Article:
NEW YORK (Reuters) – Kohlberg Kravis Roberts & Co’s discount retailer Dollar General Corp (DG.N) set the terms of its initial public offering on Friday, in a sign that the $750 million offering could price by mid-November.
In an updated prospectus filed on Friday with U.S. Securities and Exchange Commission, Dollar General said it planned to sell 34.1 million shares for between $21 and $23 and list them on the New York Stock Exchange under the symbol “DG.”
While no date for the pricing was provided in the filing, IPOs are typically launched within two or three weeks of terms being set.
Private equity-owned firms have had a patchy time floating in the past few weeks. Fortress Investment Group (FIG.N)-backed RailAmerica Inc (RA.N) has slid 22 percent since its IPO earlier in October and Welsh, Carson, Anderson & Stowe’s Select Medical Holdings (SEM.N) priced below range in September.
Analysts have in some cases faulted over-agressive pricing for a number of private-equity IPO disappointments.
The Dollar General filing came on a dismal day for the stock markets. The Dow Jones industrial average .DJI suffered its worst slide since July on Friday on concerns that the economic recovery won’t be robust enough to sustain the seven-month stock rally.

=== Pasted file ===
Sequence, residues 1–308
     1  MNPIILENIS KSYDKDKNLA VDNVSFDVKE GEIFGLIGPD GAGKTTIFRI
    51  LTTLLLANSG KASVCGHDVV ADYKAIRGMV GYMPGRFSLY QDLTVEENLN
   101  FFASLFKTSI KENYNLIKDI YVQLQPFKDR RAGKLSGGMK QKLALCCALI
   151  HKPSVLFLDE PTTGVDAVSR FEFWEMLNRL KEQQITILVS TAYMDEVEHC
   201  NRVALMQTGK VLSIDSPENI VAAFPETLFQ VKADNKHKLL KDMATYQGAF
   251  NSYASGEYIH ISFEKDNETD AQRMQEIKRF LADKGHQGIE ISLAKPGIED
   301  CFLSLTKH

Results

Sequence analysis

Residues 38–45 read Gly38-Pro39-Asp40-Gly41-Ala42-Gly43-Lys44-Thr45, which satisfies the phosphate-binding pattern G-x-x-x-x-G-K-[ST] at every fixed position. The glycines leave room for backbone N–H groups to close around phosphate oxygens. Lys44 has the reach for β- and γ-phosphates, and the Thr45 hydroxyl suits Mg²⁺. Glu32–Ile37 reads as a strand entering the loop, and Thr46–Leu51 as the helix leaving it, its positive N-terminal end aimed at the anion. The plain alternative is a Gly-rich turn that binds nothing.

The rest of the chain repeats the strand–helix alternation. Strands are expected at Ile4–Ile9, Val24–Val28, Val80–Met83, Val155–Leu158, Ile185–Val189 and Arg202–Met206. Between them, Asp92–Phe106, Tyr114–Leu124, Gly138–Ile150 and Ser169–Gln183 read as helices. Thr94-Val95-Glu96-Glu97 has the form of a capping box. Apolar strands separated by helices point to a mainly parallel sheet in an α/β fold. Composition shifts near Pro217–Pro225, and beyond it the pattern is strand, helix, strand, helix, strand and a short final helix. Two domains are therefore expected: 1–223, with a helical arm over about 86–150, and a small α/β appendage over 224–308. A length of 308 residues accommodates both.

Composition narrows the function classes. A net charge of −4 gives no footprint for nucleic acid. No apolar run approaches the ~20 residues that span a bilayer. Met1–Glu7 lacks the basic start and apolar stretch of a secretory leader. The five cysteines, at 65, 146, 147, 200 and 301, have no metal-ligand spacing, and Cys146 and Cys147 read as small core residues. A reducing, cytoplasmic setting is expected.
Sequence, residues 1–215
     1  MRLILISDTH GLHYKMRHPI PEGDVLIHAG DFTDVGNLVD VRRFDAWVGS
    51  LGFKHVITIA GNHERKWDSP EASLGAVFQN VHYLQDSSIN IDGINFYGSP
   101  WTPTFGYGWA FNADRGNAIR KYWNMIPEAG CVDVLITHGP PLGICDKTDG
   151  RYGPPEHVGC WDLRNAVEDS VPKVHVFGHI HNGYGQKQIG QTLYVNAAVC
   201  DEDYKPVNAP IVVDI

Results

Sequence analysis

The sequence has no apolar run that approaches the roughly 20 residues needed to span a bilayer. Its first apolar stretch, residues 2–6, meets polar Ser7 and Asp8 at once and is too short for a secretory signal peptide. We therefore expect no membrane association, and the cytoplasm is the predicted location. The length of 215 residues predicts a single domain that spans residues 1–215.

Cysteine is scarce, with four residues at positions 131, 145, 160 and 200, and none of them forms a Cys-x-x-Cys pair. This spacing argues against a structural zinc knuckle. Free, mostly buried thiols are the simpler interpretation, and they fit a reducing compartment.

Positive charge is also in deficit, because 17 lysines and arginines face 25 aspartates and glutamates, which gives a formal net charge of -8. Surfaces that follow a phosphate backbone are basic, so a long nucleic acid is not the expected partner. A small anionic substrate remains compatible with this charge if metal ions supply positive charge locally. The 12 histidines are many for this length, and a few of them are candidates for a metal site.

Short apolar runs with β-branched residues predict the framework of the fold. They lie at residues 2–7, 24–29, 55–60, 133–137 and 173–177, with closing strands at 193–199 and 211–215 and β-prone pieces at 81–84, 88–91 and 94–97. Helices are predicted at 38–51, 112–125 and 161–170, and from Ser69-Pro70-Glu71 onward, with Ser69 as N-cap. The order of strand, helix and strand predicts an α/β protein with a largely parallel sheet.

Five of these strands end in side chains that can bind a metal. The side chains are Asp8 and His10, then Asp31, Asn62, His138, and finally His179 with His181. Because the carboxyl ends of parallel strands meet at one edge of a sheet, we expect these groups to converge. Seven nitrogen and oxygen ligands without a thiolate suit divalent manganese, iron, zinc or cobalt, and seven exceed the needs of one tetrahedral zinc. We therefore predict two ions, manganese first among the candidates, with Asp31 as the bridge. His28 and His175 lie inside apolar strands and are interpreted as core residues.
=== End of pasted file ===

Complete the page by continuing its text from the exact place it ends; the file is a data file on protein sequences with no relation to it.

Dollar General, which has 8,577 stores in the United States, is selling about 66.5 percent of the shares in the offering, with the remainder being sold by its stockholders.
Dollar General said in the filing it expected net proceeds of $467.8 million, which it will use to pay down debt.
The IPO’s underwriters, led by Citi, Goldman Sachs & Co and KKR, have the option to buy up to an additional $5.11 million shares.
For the half year ended July 31, Dollar General had net sales of $5.7 billion, up 13.3 percent over the year earlier period, and made a profit of $176.6 million. (Reporting by Phil Wahba and Megan Davies; Editing Bernard Orr)